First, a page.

Before automobiles and airplanes, trains were the most efficient mode of transportation.
Over Labor Day weekend, a select group of Utahns will have a chance to step back to that time, traveling aboard a 1948 domed rail car on a round-trip excursion from Salt Lake City to Denver.
The Moonlight Dome features a glass dome on the upper level, creating a panoramic view of the Rocky Mountain scenery. Utah train enthusiasts and members of the Promontory Chapter of the National Railway Historical Society purchased the car five years ago with $350,000 that the chapter made by selling another rail car.
The Utah group is working with members of the society's Intermountain Chapter in Denver to restore the train to its original glory. Parts have been purchased through donations and grants, and most of the restoration work has been done through volunteers, said Gerry Lemmons, a spokesman for the Utah chapter. The car has made two previous trips to Denver in the past four years as well as several charter trips throughout the U.S.
"It's kind of a romantic trip," Lemmons said. "It's a wonderful throwback to the Golden Age of rail travel."
Going back in time can be costly: A round-trip ticket on the historic train is $550 per person. The money helps pay for the continued preservation of the car.
Lemmons said the rail car will be hooked to the rear of Amtrak's California Zephyr and will travel at speeds up to 110 mph along the line once part of the Rio Grande Railroad's "Mainline Through the Rockies."
The line is considered one of the most scenic places in the U.S., with passengers enjoying scenery that is not viewable by car. Specifically, guests will travel through Glenwood Canyon, which was the inspiration for the engineering and creation of rail cars with a dome.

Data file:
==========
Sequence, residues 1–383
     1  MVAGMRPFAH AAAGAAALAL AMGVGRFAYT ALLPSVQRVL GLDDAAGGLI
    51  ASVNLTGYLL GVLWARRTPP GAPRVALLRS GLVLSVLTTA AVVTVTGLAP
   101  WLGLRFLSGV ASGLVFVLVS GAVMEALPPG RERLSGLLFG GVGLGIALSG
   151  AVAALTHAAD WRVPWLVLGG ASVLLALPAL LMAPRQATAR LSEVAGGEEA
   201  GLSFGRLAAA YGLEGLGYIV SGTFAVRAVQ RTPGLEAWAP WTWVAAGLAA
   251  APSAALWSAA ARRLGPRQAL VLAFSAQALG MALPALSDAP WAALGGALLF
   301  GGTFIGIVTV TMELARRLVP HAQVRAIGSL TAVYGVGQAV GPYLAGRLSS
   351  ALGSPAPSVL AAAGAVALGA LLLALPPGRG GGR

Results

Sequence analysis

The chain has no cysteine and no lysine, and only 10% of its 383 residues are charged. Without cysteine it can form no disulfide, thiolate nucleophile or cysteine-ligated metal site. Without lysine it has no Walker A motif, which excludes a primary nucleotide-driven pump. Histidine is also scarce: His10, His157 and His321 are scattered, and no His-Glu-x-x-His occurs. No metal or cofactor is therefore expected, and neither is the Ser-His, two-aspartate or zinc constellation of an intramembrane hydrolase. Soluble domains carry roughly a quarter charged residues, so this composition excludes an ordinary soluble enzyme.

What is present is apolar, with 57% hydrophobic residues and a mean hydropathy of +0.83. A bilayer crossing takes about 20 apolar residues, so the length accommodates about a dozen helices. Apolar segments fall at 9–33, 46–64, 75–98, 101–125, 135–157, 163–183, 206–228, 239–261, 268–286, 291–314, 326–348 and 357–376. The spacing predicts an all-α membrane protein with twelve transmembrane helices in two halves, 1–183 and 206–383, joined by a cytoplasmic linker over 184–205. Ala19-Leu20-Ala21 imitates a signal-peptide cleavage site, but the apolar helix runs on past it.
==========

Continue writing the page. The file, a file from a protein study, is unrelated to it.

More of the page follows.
The land is "untouched, so the only way you can see it is by rail," said Mark Hansen, a chapter member who was aboard one of the previous trips. "It's something you'd just never forget."
Hansen estimates there are only about a dozen domed rail cars left in the U.S. "These cars are falling by the wayside," he said.
That's a depressing thought for chapter member Les Tippie. "It's part of the history of our country," he said.
For the Labor Day trip, the Moonlight Dome will depart Salt Lake City on Friday, Aug. 30, at 3:30 a.m. and arrives in Denver at 6:30 p.m. Meals and beverages are included on board, but passengers must arrange for hotel accommodations while in Denver.
The train makes its return trip on Tuesday, Sept. 3, leaving at 8 a.m. and arriving in Salt Lake City by 11:30 p.m.
The train can hold 29 passengers, but only 20 will be allowed on the Labor Day trip so passengers can "get up and walk around," Lemmons said. "We wanted people to have room on board."
For those who can't make the trip, the Promontory chapter offers tours of the stationary car by appointment. The dome also is available to rent for meetings or parties.
And the chapter is always looking for new members who can help with restoration, Tippie said. "We need young people that are able to crawl around under the car for mechanical stuff."
Step back in time and travel on the Moonlight Dome, a restored 1948 rail car. The trip, from Salt Lake City to Denver, is sponsored by the Promontory Chapter of the National Railway Historical Society.
When • Departs from Salt Lake City on Friday, Aug. 30, at 3:30 a.m. Arrives in Denver at 6:30 p.m. Train leaves Denver Tuesday, Sept. 3, at 8 a.m. and returns to Salt Lake City around 11:30 p.m.
Fare • $550 per person round trip; includes meals and light snacks while on the train. Price does not include a hotel room while in Denver.
Reservations • Contact Gerry Lemmons 303-909-6832 or email firstname.lastname@example.org.